The brass nails of the Akko Tower Wreck (Israel): archaeometallurgical analyses Academic Article uri icon

abstract

  • The shipwreck designated as the Akko Tower Wreck was discovered inside Akko harbor, Israel, in 1966. It was surveyed in 1975 and 1981, and excavated in 2012–2013. Hull planks were connected to the frames by brass nails, some of which were in situ, emerging vertically from the planking, where frames had disappeared, and others were detached. The 105 nails that were retrieved were tentatively divided into two groups (A and B) according to their general shape and size. Nails sampled from each group were characterized by non-destructive and destructive metallurgical methods, including XRF, light microscopy, SEM–EDS, microindentation hardness measurements, and lead isotope analysis, in order to reveal their composition and microstructure, as well as to determine their manufacturing process and date the origin of the raw material. All nails were manufactured by casting and made of binary copper-zinc alloy: Type A with 35–36 wt% zinc, and Type B with 33–34 wt% zinc (XRF results). These compositions confirmed the preliminary typing of the nails. Their microstructure indicates that they were manufactured differently: Type A nails have Widmanstatten thin lamellae plates, and Type B nails have α-brass grains containing a dendritic microstructure. Based on their zinc and lead concentrations it is suggested that the nails were manufactured in the first half of the nineteenth century. The lead isotope analyses of the nails suggest that the raw material most probably originated in Great Britain. Hence, it is suggested that the Akko Tower Wreck is the remains of a European merchantman which sank in Akko harbor about the middle of the nineteenth century.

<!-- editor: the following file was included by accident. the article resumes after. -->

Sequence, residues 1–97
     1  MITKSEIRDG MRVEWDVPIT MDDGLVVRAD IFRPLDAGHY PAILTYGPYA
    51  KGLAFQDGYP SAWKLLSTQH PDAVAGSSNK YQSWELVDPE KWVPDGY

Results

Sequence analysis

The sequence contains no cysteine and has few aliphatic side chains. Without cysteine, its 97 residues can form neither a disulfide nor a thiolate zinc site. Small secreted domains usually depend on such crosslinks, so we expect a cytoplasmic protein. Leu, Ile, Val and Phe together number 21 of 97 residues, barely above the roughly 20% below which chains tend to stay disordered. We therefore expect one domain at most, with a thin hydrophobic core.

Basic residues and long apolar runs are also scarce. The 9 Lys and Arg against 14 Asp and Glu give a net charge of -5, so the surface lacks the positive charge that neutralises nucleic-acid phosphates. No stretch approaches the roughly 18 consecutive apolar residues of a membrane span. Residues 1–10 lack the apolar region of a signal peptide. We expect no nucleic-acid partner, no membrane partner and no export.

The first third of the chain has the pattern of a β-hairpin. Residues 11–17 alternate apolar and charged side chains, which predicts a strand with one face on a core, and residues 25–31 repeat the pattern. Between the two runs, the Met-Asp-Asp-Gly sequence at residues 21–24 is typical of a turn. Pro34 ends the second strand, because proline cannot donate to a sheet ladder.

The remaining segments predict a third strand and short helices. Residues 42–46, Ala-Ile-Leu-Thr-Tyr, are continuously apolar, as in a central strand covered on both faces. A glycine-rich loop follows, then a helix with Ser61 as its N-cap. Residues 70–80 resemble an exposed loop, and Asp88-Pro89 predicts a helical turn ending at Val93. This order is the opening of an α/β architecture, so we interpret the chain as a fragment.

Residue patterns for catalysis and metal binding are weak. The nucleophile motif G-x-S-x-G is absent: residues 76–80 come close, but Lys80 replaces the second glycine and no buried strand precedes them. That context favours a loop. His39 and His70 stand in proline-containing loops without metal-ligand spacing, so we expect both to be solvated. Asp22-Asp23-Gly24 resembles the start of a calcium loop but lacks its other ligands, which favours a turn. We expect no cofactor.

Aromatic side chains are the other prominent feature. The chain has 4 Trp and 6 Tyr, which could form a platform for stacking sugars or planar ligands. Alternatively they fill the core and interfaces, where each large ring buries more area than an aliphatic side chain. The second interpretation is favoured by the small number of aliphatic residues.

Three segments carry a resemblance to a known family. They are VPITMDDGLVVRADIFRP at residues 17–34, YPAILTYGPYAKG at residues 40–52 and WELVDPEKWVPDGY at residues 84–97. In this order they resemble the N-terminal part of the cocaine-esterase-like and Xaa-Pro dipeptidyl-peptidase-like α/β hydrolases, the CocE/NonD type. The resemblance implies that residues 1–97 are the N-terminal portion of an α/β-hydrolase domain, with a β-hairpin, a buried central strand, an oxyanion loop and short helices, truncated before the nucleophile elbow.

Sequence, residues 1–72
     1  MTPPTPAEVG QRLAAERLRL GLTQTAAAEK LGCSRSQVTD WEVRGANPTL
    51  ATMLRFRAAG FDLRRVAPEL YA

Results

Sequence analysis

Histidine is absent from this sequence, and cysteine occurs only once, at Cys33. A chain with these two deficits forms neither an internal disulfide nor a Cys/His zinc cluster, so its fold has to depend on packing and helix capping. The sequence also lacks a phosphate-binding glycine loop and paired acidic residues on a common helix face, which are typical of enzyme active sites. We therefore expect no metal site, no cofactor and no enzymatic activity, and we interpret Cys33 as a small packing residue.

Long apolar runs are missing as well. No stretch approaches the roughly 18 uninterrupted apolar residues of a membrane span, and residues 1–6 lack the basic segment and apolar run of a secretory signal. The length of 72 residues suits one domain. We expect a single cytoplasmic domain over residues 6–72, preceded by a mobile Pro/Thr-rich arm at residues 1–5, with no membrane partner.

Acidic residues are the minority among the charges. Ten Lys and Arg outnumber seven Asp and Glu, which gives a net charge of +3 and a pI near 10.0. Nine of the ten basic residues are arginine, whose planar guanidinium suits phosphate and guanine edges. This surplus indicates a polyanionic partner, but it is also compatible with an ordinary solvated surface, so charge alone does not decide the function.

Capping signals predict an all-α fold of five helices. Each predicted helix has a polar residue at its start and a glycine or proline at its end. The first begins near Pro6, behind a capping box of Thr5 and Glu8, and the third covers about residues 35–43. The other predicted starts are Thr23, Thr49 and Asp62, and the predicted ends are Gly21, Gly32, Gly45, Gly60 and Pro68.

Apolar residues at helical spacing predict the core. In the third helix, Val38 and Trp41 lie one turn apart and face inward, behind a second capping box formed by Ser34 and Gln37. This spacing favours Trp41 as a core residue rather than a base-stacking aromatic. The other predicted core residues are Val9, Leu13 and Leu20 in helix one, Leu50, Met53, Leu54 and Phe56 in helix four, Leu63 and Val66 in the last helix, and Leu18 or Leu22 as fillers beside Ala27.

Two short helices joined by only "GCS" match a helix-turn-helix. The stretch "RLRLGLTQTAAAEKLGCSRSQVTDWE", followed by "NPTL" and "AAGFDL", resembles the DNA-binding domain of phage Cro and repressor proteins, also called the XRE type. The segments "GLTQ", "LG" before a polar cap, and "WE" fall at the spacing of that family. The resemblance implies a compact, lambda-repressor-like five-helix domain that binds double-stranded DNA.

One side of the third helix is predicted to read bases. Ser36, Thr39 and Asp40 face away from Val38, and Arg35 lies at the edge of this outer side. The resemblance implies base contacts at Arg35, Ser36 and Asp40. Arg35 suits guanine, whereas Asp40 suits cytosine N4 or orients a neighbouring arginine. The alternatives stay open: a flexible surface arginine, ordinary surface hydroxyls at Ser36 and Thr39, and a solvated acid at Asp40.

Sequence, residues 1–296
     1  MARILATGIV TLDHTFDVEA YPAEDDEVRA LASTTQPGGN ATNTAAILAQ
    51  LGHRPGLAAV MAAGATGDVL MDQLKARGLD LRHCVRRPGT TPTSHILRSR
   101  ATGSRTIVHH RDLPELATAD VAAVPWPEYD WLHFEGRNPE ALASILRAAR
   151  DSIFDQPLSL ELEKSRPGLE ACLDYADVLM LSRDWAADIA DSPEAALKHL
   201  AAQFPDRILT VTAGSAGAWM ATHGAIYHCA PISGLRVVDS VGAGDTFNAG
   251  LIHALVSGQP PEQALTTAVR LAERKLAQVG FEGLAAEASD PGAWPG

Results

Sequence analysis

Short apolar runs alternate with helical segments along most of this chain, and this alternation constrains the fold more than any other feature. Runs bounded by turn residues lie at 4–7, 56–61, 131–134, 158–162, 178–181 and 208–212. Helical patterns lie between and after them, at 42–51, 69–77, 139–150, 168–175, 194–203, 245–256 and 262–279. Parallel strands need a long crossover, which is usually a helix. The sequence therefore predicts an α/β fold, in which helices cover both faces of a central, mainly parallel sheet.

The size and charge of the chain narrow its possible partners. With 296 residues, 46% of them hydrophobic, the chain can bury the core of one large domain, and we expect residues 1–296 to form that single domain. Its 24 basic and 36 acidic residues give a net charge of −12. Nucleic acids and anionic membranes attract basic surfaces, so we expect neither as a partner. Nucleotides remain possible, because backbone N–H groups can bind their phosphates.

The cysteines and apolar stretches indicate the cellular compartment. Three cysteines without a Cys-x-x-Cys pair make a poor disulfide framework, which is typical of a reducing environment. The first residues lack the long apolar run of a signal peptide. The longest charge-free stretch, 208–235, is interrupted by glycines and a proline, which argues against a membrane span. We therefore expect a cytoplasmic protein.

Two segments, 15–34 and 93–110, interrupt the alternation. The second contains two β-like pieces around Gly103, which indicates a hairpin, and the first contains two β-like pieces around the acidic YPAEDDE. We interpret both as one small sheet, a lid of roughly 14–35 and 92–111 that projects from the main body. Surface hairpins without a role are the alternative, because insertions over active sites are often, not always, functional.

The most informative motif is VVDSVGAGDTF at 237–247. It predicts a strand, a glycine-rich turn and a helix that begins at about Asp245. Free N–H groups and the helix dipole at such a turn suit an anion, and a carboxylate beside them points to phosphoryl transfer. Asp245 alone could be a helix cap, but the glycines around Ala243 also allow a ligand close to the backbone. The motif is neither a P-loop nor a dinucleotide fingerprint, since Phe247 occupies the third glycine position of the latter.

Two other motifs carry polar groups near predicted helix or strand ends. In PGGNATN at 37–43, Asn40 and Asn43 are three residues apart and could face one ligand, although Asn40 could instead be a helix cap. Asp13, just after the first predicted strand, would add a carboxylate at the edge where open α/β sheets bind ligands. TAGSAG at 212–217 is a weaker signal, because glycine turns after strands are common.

publication date

  • January 1, 2015